17 Constructing Structural Models Simultaneous equations models When dealing with endogeneity it is important to think about a complete simultaneous equations model. Example Researcher estimates: p i = POP i θ 1 + COMP i θ 2 + ɛ i, where p i is the price in market i, POP i is population size, and COMP i is a dummy for whether the firm faces competition. Has this equation a structural meaning? Could be: θ 2 measures effect of competition on prices. 17
18 Constructing Structural Models Simultaneous equations models Problem: COMP i is likely to depend on p i : COMP i = POP i γ 1 + p i γ 2 + η i. Therefore COMP i will be correlated with ɛ i, so OLS will give inconsistent estimates of θ 2. Possible solution: use average income Y i as instrument for COMP i, since one can argue Y i is correlated with COMP i but not with ɛ i. Statistical rationale. 18
19 Constructing Structural Models Simultaneous equations models To be completely convincing two things need to be done: 1 explain why Y i is not part of p i. 2 make the case that Y i is part of COMP i. Therefore, specify the complete system: p i = POP i θ 1 + COMP i θ 2 + ɛ i ; COMP i = POP i γ 1 + p i γ 2 + Y i γ 3 + η i. This requires the researcher to think carefully about the economic model underlying the simultaneous system of equations. 19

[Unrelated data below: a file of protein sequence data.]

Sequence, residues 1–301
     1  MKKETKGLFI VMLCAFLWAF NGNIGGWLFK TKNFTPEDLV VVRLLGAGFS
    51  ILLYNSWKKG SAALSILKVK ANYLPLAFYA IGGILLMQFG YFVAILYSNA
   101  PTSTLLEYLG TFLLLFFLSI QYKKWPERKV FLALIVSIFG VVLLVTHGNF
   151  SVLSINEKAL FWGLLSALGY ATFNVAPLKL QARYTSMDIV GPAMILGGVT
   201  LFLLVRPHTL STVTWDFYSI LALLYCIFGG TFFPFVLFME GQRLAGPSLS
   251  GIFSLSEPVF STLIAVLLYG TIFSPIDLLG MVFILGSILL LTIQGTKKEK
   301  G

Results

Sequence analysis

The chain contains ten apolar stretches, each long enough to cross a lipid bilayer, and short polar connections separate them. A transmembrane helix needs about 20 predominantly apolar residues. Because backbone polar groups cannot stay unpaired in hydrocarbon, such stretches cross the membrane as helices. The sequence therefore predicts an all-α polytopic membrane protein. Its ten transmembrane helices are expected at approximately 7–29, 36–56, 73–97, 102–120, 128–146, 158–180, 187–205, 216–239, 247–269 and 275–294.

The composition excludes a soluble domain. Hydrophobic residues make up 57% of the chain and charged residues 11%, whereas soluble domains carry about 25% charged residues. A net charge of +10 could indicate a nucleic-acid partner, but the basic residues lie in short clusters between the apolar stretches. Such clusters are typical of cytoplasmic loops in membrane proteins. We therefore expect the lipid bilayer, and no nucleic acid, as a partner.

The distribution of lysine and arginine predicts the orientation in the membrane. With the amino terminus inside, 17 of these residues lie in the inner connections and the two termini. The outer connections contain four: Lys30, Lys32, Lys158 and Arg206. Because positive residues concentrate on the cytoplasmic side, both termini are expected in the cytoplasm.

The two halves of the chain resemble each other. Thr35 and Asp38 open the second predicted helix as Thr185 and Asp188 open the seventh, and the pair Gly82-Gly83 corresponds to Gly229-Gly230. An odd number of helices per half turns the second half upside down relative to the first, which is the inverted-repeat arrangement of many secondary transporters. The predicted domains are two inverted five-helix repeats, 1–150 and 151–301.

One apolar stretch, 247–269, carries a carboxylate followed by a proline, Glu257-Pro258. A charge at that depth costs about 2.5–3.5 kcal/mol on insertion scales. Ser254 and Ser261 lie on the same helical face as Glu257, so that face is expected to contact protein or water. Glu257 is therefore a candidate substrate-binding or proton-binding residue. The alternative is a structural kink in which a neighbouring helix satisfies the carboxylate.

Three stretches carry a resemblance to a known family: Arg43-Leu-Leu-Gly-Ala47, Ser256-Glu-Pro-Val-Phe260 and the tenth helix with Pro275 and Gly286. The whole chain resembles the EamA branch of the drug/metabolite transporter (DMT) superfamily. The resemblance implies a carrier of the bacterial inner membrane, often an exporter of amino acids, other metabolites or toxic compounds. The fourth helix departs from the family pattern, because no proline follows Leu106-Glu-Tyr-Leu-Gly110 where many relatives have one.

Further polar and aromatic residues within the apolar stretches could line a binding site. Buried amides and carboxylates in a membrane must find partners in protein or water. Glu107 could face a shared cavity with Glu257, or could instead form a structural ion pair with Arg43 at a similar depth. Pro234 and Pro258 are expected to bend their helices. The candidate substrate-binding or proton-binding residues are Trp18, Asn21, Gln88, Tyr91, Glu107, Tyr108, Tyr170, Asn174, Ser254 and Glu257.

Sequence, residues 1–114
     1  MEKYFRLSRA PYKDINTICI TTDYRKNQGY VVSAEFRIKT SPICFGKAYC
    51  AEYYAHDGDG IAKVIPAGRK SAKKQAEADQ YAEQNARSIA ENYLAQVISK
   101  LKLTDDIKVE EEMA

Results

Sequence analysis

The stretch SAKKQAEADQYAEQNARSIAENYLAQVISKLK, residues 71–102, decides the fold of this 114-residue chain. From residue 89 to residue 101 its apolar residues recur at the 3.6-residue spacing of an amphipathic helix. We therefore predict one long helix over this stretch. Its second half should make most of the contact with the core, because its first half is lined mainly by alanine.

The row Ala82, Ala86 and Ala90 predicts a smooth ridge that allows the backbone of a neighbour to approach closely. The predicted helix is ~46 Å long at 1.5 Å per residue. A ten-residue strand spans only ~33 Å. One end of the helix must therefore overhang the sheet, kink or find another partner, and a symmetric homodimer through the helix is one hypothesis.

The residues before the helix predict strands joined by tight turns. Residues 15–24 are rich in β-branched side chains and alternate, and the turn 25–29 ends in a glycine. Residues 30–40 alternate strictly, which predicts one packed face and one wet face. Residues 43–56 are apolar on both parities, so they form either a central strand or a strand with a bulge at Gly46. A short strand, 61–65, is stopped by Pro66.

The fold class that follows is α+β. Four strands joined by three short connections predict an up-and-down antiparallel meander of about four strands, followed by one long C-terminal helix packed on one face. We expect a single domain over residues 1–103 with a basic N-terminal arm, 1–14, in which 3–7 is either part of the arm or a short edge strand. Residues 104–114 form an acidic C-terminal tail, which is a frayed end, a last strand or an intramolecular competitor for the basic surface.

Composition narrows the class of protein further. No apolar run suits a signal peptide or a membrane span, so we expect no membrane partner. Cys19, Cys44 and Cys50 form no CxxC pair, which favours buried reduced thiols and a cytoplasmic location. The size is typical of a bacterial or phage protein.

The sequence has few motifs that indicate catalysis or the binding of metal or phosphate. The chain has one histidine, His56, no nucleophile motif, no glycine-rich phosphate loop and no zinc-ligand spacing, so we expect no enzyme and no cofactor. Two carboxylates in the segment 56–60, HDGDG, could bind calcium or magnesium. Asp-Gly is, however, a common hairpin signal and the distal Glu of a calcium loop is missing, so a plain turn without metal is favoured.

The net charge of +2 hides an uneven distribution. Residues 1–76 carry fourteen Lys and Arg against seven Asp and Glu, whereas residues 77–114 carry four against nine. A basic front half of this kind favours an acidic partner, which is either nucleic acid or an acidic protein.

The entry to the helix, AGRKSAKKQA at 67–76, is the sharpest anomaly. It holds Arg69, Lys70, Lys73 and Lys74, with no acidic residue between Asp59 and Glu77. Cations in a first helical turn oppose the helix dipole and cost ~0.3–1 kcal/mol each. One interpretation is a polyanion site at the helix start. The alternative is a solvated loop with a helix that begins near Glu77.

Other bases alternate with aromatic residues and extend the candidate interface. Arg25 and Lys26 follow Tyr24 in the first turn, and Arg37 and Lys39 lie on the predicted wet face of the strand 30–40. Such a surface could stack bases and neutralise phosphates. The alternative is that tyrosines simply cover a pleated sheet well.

20 Framework for Structural Econometrics Models in IO A structural model has two main components: 1 economic model; 2 stochastic model. The economic model should have the following components: description of economic environment (market, actors, information available); list of primitives (technologies, preferences, endowments); exogenous variables (variables outside the model); decision variables and objective functions (utility/profit maximization); equilibrium concept (nash equilibrium) 20